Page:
Writing for Business

Nov 8 2012   1:27PM GMT

Overnegation: Double negatives make a positive

Ivy Wigmore Ivy Wigmore Profile: Ivy Wigmore

What does this sentence mean?
It’s unlikely that the software will never be standardized.

a. The software is likely to be standardized.
b. The software is not likely to be standardized.

Answer: a.


Let’s break it down: What is unlikely? That the software will never be standardized. Therefore, the software is likely to be standardized.

Ben Zimmer (@bgzimmer) wrote about overnegation on his Language Log post, Don’t be discouraged from not voting. He provides these examples:

 This particular misnegation crops up here and there online:

This is one way to intimidate and discourage people from not voting. (link)

Perhaps requiring a legitimate ID in order to vote may discourage many from not voting. (link)

so each of these counties, as well as counties in other crucial swing states is to frighten those undecideds with xenophobic, jingoistic race baiting or discourage those undecideds from not voting. (link)

He said such a campaign was intended to create fears and panic among aliens, aimed to discourage people from not voting for the NPP. (link)


This post was inspired by a misinterpretation of a similar sentence, in a post about software defined networking (SDN). From the Nerd Twilight blog:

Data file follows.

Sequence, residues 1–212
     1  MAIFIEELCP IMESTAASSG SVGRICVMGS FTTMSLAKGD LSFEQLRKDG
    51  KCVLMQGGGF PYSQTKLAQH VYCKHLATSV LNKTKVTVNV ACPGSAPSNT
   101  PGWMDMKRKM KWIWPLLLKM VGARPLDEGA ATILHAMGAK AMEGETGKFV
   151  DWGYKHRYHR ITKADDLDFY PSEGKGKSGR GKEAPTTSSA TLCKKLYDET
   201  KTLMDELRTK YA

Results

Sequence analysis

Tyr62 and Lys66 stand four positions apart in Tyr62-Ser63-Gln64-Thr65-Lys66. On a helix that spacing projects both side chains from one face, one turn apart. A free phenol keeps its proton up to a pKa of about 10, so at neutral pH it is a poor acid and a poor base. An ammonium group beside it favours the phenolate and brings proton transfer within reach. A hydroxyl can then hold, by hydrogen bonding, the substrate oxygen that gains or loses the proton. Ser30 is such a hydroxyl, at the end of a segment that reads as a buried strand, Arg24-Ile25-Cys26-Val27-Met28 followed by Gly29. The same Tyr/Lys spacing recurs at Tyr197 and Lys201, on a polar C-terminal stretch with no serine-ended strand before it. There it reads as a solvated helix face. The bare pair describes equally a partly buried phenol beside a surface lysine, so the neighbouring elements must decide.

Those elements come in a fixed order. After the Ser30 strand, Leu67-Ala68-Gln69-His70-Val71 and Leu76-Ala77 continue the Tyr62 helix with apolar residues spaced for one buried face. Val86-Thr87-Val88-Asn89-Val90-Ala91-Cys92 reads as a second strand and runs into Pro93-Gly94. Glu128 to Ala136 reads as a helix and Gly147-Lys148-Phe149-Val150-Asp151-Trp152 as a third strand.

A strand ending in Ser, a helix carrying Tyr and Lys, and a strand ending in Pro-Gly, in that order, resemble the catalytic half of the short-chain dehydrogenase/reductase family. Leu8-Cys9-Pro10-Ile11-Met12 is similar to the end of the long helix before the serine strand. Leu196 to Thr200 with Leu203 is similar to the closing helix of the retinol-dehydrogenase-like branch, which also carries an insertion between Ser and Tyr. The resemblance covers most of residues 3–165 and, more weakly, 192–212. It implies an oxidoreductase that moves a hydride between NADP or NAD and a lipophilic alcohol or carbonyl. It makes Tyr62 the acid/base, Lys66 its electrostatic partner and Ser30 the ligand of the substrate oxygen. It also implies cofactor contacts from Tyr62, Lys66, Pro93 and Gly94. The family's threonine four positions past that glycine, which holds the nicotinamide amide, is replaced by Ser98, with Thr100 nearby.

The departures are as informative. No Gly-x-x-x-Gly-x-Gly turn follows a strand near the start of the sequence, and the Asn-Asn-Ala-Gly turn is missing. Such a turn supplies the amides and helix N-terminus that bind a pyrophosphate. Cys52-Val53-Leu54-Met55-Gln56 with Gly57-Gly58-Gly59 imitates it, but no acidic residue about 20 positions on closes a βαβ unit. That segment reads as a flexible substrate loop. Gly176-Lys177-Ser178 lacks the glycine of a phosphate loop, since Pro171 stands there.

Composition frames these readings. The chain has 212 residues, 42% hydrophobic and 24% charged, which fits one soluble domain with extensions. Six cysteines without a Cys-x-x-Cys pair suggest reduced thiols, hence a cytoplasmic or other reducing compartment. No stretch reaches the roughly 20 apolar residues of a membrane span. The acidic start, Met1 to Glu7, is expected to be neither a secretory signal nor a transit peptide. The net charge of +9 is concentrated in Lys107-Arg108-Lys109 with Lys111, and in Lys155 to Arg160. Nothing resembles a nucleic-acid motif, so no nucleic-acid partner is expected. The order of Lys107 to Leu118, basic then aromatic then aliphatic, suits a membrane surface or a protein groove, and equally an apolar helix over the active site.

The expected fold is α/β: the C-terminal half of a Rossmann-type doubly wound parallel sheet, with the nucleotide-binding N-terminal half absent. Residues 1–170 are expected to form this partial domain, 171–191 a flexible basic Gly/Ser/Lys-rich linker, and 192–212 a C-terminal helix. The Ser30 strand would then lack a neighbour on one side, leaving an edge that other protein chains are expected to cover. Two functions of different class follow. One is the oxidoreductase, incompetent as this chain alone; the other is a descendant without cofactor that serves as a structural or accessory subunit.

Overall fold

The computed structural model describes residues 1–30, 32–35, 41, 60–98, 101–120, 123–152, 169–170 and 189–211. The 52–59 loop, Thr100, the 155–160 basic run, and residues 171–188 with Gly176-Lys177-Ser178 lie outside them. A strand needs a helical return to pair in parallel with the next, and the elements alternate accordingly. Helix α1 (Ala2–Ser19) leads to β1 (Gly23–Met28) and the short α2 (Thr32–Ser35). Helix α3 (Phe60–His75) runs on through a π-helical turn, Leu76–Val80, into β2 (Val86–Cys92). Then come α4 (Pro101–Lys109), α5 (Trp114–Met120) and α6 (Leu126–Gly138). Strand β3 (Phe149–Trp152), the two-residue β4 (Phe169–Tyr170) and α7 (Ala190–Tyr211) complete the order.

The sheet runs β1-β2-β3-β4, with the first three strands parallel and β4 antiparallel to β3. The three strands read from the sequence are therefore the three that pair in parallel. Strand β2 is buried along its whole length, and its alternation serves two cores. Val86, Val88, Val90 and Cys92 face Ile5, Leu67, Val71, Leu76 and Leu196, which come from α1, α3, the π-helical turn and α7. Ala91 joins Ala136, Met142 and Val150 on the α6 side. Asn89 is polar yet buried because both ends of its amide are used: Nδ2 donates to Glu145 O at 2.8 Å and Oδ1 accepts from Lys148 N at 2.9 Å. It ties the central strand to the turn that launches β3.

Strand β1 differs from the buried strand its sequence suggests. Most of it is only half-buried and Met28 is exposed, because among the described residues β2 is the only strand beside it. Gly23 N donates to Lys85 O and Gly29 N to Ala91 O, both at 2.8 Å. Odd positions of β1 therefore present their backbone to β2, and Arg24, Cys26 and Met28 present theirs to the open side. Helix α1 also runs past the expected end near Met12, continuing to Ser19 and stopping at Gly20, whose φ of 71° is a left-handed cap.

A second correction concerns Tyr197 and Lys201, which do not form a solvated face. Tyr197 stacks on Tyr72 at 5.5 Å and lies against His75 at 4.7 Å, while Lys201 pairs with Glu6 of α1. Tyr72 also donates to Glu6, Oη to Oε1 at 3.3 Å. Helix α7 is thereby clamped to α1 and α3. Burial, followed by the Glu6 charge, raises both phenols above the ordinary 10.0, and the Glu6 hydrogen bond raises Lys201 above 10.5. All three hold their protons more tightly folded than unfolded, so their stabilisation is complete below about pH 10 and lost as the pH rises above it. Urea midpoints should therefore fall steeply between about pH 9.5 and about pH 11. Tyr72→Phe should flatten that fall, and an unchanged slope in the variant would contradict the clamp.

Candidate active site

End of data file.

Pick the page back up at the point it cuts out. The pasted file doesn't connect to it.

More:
Recently, Greg Ferro, of EtherealMind renown, provided an instructive overview on SDN APIs, opining that it is “unlikely that Northbound APIs will never standardise but I’m not aware of any initiatives in this area.”

I don’t know whether northbound APIs, as Greg suggests, will never standardize, but I do know that most knowledgeable observers (including the aforementioned parties) believe that there should no headlong rush toward standardization.

The writer missed the double negation and took the meaning of “unlikely never to standardize” to mean “unlikely to standardize.” Ferro’s intended meaning was likely that he thinks it likely that northbound APIs will eventually standardize, although he doesn’t know of any current efforts toward that standardization.


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2  Comments on this Post

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  • Greg Ferro
    Yeah,  "unlikely to never standardise" is just me being a smartass and fooling with the English language. I also like to use arcane and obscure words where ever I can. This proves that I am a smartass. 
    35 pointsBadges:
  • Ivy Wigmore
    "Unlikely never to standardise" completely fooled the guy who quoted it in the article. He thought it meant that the writer thought standardization wouldn't likely ever happen. The perils of being a smartass -- have fallen prey to same myself.
    735 pointsBadges:

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